Hair Color: a Tangled Issue for Natural-Leaning Types
Like moisturizing and mani-pedis, hair dyeing is a standard beauty ritual for many women. Yet, while natural skin-care and non-toxic nail polish brands have flourished, the world of hair color clings to its chemical roots.
Concerns about the contents of hair color date back to the '70s, when news outlets alerted consumers to the dangers of widely-used ingredients like coal tar and benzidine, which are known carcinogens. Most manufacturers took these out and replaced them with less toxic chemicals.
But that didn't silence the alarms. Many of the substitute ingredients still used in today's hair dyes, like ammonia and parabens, have been linked to cancer in several research studies. The most prevalent, p-phenylenediamine (PPD) is a known allergen and has been linked to various cancers.
But, according to the American Cancer Society, evidence of hair dye's carcinogenic effect on people is still lacking. One highly-publicized study concluded that hairstylists "probably are exposed to cancer causing substances.” But it didn’t look at whether they actually developed cancer. Nor did the study address the risk to customers who come into contact with or inhale the noxious fumes (albeit less regularly than the stylists). Still, a lack of consensus about risk doesn't keep us from worrying.
So what are the natural choices available? Aveda, the face of natural hair color, seems to be the best of the traditional brands. Their plant-based dyes are “97% natural." But to do the trick of covering your grays and sticking around after you shampoo, Aveda hair color also contains PPD and ammonia. Natural Instincts, an at-home kit by Clairol, doesn't contain ammonia. But it does use PPD and slew of other ingredients on the dirty dozen list.
Henna-based and vegetable hair dyes are a growing market. "But the problem is that they suck—which might not be their fault," says Siobhan O'Connor, co-author of No More Dirty Looks, a book and website dedicated to non-toxic beauty. "The real issue is that, for a dye to actually work, some heavy-duty chemistry is in order. We're asking the product to be foolproof, consistent, stable, and effective. Nature hasn't—and I suspect won't—find a way to replicate those factors in a dye."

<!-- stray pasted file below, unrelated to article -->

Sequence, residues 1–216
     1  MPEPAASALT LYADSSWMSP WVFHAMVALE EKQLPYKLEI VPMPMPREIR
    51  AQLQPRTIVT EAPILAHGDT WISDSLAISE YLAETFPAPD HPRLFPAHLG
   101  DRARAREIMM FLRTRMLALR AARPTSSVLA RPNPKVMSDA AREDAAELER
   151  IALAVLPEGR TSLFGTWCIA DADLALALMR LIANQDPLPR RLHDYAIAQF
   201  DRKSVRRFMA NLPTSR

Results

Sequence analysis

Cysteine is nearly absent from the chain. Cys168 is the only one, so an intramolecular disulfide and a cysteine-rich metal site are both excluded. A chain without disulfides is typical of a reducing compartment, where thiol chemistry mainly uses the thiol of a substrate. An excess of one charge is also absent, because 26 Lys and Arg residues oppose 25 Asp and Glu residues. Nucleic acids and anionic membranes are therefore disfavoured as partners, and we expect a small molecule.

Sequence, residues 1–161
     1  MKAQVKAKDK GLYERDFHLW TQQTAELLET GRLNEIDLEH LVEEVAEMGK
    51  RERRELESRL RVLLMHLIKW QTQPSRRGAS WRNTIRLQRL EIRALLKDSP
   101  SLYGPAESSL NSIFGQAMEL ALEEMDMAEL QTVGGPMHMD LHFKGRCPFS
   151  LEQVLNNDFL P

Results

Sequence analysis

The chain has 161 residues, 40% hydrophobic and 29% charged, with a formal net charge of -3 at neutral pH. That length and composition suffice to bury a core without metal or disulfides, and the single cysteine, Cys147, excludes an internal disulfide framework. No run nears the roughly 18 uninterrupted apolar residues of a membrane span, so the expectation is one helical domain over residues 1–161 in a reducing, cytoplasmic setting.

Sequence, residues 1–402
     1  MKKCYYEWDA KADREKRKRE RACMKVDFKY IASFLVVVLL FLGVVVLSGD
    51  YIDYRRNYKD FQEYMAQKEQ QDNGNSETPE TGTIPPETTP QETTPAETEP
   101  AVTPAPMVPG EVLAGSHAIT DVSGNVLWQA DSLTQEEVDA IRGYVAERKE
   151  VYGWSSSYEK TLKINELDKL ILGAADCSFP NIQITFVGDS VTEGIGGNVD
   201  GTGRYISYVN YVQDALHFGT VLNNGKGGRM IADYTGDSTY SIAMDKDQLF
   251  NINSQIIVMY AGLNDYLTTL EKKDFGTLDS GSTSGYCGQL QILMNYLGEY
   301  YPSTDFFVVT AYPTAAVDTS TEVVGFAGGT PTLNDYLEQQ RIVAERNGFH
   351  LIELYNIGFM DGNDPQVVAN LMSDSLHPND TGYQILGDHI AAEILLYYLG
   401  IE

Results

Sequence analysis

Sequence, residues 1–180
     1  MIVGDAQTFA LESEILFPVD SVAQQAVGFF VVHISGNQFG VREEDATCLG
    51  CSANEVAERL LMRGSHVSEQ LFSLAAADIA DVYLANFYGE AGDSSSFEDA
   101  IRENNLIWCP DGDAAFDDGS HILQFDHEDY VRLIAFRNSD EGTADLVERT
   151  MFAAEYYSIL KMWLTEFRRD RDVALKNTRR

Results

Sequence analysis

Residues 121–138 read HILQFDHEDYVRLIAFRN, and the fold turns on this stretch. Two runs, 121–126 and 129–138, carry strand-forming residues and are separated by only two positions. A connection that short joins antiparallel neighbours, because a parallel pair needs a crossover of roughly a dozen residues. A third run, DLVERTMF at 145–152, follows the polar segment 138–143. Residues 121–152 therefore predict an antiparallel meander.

John Masters has already accepted the challenge. Although his famous “clean-air” Soho salon has closed, Masters has spent two years working on a safer hair color. “We're still in the middle of our mandatory stability-testing phase,” says Masters’ brand director, Jonni Lu. “We should have it ready by late summer or early fall.” Will Masters get to the root of the natural hair-dye problem we've been waiting for?
In the meantime, O'Connor suggests working with a colorist to wean yourself off dyes or at least limiting the number of times you go. "Space it out and know that you're taking a calculated risk," she says. "There are no 100 percent safe dyes that I would recommend using. So be real about that if you're going to do it anyway." —Lisa Elaine Held
Do you know of a salon that uses natural hair dye or a natural hair-color brand? Let us know in the Comments, below!
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